- Manufacturing CFOs are more skeptical than economists that a recession will hit in 2020, according to a survey by BDO in which 20% of manufacturing CFO respondents believed a recession would happen this year. A 2019 survey by the National Association for Business Economists found 45% of economists believed a recession would happen in 2020.
- 51% of respondents in the BDO survey said they were working to increase production efficiency to guard against a future recession and 42% said they were monitoring the financial health of their suppliers.
- Increased automation and digitization will be one way companies will look to increase production efficiency as technology tools such as the Internet of Things and cloud become cheaper and more mainstream, according to Eskander Yavar, a manufacturing national practice leader with BDO and an author of the report.
Predictive maintenance is one technology application that could increase efficiency by reducing downtime and thus increasing throughput. It also means operations in the manufacturing facility are based on near real-time demand signals instead of economic indicators that could be from last quarter. Real-time data can help to ensure that inventory plans are in line with the market, Yavar said.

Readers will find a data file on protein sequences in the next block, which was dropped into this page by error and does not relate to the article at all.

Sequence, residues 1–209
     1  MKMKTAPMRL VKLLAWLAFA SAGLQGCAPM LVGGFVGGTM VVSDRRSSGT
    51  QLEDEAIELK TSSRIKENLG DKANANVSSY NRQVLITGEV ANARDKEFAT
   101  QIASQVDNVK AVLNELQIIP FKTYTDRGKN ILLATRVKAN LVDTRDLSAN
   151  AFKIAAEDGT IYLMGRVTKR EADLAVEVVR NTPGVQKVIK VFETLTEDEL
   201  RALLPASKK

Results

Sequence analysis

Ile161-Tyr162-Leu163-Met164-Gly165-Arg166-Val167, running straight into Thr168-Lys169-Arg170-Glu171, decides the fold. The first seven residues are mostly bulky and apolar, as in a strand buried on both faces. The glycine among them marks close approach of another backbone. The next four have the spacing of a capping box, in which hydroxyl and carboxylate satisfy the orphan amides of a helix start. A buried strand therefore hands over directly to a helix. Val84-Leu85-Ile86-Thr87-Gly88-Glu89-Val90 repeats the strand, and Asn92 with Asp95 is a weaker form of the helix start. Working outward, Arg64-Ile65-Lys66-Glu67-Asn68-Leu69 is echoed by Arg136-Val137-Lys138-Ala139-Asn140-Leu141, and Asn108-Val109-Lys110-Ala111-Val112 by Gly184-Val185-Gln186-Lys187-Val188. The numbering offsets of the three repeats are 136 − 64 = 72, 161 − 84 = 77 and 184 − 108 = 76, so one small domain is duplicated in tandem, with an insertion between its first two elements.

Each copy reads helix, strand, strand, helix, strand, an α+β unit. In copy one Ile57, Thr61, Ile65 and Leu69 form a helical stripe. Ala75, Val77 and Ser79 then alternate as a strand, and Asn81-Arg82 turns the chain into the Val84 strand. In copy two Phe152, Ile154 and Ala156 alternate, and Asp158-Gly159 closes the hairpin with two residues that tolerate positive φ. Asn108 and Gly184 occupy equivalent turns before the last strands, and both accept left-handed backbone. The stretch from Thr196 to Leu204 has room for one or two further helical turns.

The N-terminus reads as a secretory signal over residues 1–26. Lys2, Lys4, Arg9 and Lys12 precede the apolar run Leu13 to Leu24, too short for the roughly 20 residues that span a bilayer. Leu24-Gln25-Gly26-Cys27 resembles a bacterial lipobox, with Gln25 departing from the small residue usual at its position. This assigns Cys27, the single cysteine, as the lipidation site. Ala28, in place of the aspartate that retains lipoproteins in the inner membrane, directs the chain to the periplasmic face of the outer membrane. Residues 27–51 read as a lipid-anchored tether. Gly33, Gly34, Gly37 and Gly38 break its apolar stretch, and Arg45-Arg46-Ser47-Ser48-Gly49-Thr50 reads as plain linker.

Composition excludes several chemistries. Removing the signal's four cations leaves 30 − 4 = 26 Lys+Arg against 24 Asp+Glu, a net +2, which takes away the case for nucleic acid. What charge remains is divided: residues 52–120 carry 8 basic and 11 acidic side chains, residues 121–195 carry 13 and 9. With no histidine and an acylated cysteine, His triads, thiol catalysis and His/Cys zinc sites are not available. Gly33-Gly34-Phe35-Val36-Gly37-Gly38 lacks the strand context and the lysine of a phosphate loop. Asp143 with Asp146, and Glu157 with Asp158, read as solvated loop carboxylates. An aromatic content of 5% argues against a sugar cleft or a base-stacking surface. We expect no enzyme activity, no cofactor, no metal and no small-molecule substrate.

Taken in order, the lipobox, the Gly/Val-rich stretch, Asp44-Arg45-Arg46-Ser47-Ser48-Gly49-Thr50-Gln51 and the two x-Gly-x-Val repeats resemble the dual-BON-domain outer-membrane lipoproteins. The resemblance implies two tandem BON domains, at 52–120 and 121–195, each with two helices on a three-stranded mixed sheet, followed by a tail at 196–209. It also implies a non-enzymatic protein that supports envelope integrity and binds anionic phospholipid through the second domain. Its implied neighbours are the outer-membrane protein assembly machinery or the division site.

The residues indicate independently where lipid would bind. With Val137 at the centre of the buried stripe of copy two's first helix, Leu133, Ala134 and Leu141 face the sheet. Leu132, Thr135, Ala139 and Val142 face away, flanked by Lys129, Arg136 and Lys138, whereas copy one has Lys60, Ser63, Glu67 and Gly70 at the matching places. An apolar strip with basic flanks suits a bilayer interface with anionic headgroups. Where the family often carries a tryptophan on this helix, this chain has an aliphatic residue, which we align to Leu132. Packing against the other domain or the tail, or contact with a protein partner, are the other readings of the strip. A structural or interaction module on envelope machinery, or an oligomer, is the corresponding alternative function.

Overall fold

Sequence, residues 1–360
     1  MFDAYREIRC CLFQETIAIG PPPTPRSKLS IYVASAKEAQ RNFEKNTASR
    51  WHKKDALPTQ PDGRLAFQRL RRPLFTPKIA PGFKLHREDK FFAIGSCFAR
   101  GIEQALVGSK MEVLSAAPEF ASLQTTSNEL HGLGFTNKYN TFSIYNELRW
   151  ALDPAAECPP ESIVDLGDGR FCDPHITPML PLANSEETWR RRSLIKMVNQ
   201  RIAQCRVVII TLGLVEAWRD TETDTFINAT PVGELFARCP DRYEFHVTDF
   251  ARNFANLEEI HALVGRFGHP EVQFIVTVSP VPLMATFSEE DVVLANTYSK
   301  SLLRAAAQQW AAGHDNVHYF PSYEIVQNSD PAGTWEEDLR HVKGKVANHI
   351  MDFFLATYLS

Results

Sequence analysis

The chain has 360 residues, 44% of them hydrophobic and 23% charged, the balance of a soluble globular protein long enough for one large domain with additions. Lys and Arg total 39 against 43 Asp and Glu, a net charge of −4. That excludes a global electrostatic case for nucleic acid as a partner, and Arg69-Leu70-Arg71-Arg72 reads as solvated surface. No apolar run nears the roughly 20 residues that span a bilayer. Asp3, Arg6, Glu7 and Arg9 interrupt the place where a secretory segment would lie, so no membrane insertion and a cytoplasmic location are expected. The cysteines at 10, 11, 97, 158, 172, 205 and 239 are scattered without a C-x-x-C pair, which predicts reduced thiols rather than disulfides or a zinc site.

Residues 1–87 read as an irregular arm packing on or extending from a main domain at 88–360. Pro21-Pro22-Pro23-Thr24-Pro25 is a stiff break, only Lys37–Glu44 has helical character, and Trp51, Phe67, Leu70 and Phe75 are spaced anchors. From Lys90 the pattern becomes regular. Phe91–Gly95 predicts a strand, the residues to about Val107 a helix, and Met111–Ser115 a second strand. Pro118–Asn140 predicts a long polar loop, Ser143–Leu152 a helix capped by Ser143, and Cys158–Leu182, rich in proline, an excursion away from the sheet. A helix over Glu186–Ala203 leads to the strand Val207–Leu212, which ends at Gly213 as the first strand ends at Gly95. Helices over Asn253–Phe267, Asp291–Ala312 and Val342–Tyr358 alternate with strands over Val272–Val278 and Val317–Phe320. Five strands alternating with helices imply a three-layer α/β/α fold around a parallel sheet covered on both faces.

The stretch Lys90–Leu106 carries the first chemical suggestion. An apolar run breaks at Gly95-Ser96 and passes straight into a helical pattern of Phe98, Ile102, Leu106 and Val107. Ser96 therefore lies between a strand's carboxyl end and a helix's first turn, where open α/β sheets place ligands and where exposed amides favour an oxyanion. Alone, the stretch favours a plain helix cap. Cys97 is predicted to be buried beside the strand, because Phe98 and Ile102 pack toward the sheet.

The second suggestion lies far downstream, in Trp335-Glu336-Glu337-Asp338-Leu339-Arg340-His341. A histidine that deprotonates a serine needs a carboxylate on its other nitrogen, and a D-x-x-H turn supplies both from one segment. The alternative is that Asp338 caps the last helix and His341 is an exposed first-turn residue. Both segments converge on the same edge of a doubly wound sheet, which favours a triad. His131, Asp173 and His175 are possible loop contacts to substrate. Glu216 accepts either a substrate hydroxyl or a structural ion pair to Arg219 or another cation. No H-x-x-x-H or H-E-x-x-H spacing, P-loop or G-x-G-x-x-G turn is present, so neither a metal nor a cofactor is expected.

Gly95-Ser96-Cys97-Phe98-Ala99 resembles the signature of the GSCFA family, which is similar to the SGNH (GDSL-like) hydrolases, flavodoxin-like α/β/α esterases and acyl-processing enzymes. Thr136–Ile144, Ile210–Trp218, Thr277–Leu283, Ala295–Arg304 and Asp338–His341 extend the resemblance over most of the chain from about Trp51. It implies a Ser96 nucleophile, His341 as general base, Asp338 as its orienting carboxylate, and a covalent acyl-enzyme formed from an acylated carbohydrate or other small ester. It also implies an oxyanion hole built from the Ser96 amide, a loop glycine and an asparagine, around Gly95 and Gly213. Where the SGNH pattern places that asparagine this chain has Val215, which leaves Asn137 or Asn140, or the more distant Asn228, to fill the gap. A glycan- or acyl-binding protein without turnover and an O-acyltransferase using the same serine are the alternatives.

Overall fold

If the broader economy begins to show signs of struggle, though, manufacturers will also look outward at the health of their suppliers. Manufactures will likely keep an eye on KPIs like the supplier's ability to deliver on time or pay the bills. Supply chain relationship portals can help manage this, and some companies could provide incentives to suppliers that meet certain metrics, Yavar said.
"It's always more difficult to start a new relationship" with a supplier, he said, so it's important that organizations clearly state expectations from the beginning.
Inventory reduction was another recession-proofing strategy respondents highlighted. "You'll always see a bit of this pressure on working capital and inventory reduction from CFOs," Yavar said.
Some of the inventory reduction will come from a shift to just-in-time operations made possible by a company's access to real-time market data. This focus on lean inventories has grown as storage costs have increased with demand for space. Conversations with suppliers asking them to hold more inventory can also drive down costs, he said.
The strategies CFOs highlighted aren't tactics strictly for when a recession might be around the corner. They are best practices manufacturers can lean on whenever the economy gets shaky.
There have been concerns about a possible recession in the manufacturing industry for months now as the Institute for Supply Management's (ISM) manufacturing index showed signs of contracting toward the end of 2019. The latest numbers provided a more positive outlook, but some experts say the industry could continue to struggle with finding growth this year.
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